Avaaz is a global grass-roots lobbying organisation. They are the biggest of the new wave of groups taking full advantage of the internet to help individuals like you and me connect with others with similar views so as to more effectively leverage our combined numbers.
I have signed up to many of their campaigns, but they do tend to be a bit reactionary on environmental matters. Their anti-GM petition got me quite riled when they clearly demonstrated no attempt to understand the science or the potential benefits, and instead just accused everyone who disagreed with them of being corrupt. I wrote them a letter, but they ignored it (probably chalking me up as in the pay of “big agro” or some such) and the petition went on to become one of their most successful to date.
Consequently, when I received their latest petition, blaming the very worrying colony collapse disorder (CCD) in honey bees on a new type of insecticide and calling for its immediate ban, I did not immediately add my name.
I have spent a bit of time searching the literature and it seems CCD is a complex problem that is likely to be caused by a number of factors. Avaaz claim this is not so and blame the confusion as to the causes of CCD on powerful lobbyists for the chemical companies; but I found papers from all over the world, and not one of them pointed to a strong link between these new neonicotinoid pesticides and CCD.
If there’s one thing I know, it’s that however tempting it might be to accuse us of it, most scientists are not in thrall to powerful industries. I find it highly unlikely that evidence of a strong link would not have appeared somewhere in the literature by now if it existed. Scientists studying bees care about them a great deal; they study them precisely because they find them engaging and fascinating animals. Bee researchers wouldn’t keep something as damaging as this under wraps if they knew about it.
Avaaz do give several sources for their conclusions, but they are almost all news articles with no primary references. The main exception being a bee briefing from the soil association, but that doesn’t have any references at all. Much is made of a leaked memo from the US Environmental Protection Agency supposedly showing they “knew about the pesticide’s dangers, but ignored them”, but the only part of the memo I could find is this quote:
information from standard tests and field studies, as well as incident reports involving other neonicotinoids insecticides … suggest the potential for long term toxic risk to honey bees and other beneficial insects.
Given the “…” in the middle, the lack of context and news agencies’ previous record for quote mining, this is hardly a smoking gun.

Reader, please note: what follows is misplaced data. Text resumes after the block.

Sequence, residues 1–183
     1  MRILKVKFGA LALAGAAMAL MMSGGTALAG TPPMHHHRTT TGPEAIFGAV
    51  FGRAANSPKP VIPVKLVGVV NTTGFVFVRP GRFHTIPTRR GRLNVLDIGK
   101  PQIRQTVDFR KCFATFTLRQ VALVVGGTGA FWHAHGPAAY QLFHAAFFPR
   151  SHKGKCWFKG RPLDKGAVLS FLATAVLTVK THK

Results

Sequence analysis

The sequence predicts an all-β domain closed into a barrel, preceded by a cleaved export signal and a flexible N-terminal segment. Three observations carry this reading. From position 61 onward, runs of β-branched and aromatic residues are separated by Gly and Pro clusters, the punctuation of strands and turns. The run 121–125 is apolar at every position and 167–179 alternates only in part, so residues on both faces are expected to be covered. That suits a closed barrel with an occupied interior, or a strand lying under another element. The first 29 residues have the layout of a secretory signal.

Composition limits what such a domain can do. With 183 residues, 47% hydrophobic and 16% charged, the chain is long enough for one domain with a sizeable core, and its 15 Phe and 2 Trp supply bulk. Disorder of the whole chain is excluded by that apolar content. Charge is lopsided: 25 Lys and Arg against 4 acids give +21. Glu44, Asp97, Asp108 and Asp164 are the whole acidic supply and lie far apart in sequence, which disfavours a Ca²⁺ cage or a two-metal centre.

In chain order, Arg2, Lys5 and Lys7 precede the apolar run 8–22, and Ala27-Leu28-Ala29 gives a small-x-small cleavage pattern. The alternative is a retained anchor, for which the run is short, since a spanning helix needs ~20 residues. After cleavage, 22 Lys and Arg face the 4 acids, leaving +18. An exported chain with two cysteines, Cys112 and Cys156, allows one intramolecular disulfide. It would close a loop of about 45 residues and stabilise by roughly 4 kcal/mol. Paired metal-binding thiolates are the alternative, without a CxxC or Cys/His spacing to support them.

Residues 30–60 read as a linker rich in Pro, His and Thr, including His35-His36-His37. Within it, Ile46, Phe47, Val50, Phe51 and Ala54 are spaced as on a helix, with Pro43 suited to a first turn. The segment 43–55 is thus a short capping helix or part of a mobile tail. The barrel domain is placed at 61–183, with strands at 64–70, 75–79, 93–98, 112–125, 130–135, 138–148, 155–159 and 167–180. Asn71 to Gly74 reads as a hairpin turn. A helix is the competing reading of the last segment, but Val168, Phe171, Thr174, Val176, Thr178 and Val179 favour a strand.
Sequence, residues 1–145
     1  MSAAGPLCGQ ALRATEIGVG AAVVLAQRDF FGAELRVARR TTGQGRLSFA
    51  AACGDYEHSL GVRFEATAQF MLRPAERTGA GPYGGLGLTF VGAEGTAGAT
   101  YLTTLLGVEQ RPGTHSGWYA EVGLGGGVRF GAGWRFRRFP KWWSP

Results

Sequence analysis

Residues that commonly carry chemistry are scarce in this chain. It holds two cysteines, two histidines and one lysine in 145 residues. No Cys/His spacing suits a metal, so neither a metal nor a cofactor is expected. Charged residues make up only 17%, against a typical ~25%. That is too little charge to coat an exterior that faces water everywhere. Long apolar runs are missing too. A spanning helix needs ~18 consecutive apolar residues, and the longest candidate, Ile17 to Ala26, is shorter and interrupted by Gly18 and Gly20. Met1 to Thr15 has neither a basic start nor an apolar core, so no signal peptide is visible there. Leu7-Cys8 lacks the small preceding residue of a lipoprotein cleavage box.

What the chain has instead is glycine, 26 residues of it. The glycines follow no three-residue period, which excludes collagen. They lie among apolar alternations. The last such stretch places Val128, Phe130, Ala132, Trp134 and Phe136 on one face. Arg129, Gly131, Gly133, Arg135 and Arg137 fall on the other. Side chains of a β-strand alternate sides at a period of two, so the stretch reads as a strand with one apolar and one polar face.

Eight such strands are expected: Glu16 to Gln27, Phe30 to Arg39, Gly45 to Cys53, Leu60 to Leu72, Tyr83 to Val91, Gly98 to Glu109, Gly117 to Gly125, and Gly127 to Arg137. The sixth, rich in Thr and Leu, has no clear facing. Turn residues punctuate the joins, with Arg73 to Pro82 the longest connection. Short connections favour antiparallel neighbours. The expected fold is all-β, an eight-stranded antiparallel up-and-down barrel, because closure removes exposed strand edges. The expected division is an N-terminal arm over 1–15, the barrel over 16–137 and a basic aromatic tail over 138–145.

I’m spreading the word about this campaign, but I am a bit ambivalent about signing. There is evidence of a link and, given the fact that the over reliance on insecticides in general together with synergistic reactions as they accumulate in bee populations are also implicated, perhaps it is better to be safe than sorry and ban this class of chemicals for now; we can always repeal the ban should it later be shown they are not harmful.
I want to sign this petition: I think that, on balance, it would be better to ban these chemicals sooner rather than later; but I have lost my faith in Avaaz. Instead of giving people the whole truth and allowing them to make up their own minds about this complex issue, they have opted to spread simplistic propaganda.
These are tactics I have seen before. It is easier to believe the comforting lie than the difficult truth, and that is a fact that those in the anti-global warming, pro-tobacco and, I am sure, many other lobbies use with ruthless efficiency to further their disreputable causes.
I have learned that, when battling those who do not care about the truth, it is imperative that you stick to absolute honesty. Their dishonesty may make gains at first, but the truth will always win out eventually. If people cannot trust you, however, no amount of pointing to the truth will work, they see only two sides that are equally dishonest and they are liable to pick the one that they find most appealing – invariably this is the wrong choice.
So, I have a quandary. I think that, having gathered a full and balanced view of the situation, it is probably best to ban neonicotinoid insecticides. Had Avaaz have presented me with the whole truth, I would most likely have signed up willingly. But they didn’t, and I cannot condone this form of campaigning because I believe it negatively impacts upon our ability to fight for other challenging causes.
So which principal do I sacrifice? If I sign the petition, I am knowingly supporting a cause that has used misinformation to get its way, and if I don’t I am failing to lobby for the banning of an insecticide that I do believe we should stop using.
I will have to ponder this a bit further before I make a decision, but at least you now have all the information and you too can make an informed decision about whether or not to join Avaaz’s cause.